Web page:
Ecological observations on the fungal colonization of fish by Saprolegniaceae in Windermere.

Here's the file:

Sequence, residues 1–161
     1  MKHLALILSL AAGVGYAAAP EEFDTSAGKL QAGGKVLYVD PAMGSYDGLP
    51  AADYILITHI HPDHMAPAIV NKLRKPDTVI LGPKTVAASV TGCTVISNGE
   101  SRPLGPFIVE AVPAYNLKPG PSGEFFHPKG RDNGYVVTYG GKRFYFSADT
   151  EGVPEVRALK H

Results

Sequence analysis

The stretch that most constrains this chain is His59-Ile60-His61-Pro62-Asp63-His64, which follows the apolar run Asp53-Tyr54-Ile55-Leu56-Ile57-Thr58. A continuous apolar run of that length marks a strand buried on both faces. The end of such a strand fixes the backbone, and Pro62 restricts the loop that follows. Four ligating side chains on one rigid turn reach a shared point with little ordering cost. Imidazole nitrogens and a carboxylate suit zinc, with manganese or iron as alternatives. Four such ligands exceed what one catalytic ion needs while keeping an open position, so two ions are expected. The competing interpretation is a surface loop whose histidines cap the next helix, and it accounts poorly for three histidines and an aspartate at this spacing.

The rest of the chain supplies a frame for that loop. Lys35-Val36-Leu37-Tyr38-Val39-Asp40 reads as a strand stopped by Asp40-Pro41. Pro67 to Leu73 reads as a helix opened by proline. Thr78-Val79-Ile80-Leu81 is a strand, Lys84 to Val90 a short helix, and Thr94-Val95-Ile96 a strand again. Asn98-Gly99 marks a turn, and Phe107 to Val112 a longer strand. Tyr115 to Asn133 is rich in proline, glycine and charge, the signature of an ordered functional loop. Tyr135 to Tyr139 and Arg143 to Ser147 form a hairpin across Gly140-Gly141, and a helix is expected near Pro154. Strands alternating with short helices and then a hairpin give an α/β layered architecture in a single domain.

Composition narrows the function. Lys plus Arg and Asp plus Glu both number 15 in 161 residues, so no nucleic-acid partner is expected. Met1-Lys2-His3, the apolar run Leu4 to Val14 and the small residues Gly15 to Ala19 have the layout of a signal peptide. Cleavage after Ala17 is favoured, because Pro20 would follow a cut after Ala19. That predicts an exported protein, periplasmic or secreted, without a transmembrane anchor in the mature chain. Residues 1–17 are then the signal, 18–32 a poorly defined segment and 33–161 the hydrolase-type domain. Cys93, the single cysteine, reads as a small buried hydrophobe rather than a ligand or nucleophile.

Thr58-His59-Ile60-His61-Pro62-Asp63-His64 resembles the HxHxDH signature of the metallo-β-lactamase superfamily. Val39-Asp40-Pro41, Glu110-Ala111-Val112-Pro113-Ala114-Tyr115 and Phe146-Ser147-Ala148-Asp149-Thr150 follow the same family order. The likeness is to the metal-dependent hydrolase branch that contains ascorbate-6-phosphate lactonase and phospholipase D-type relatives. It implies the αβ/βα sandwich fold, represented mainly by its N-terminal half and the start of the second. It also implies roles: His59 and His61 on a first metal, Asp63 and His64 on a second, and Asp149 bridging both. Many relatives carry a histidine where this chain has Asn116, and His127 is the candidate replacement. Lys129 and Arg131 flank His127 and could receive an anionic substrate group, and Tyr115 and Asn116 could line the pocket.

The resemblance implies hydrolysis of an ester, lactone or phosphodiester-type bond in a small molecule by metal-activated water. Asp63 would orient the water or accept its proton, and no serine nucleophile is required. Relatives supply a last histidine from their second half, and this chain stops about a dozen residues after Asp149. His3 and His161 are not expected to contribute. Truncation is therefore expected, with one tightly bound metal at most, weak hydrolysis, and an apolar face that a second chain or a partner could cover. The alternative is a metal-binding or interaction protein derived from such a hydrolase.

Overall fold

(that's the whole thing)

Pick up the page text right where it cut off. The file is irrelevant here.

The colonization of clean (apparently uninfected), dead salmonid fish by Saprolegniaceae was studied both in the laboratory and in Windermere. Colonization proceeded in 2 stages in water: initially there was superficial mycelium, which was easily removed, and later there was a deeper penetration into the epidermis and dermis. There was evidence that colonization could occur as an intimately mixed mosaic of different Saprolegniaceae. Live char and other salmonids were normally colonized only by Saprolegnia diclina. This specificity broke down when there was colonization of dead tissue on a live char. At post-mortem, salmonid fish killed by S. diclina did not attract other Saprolegniaceae subsequently and explanations for this are proposed.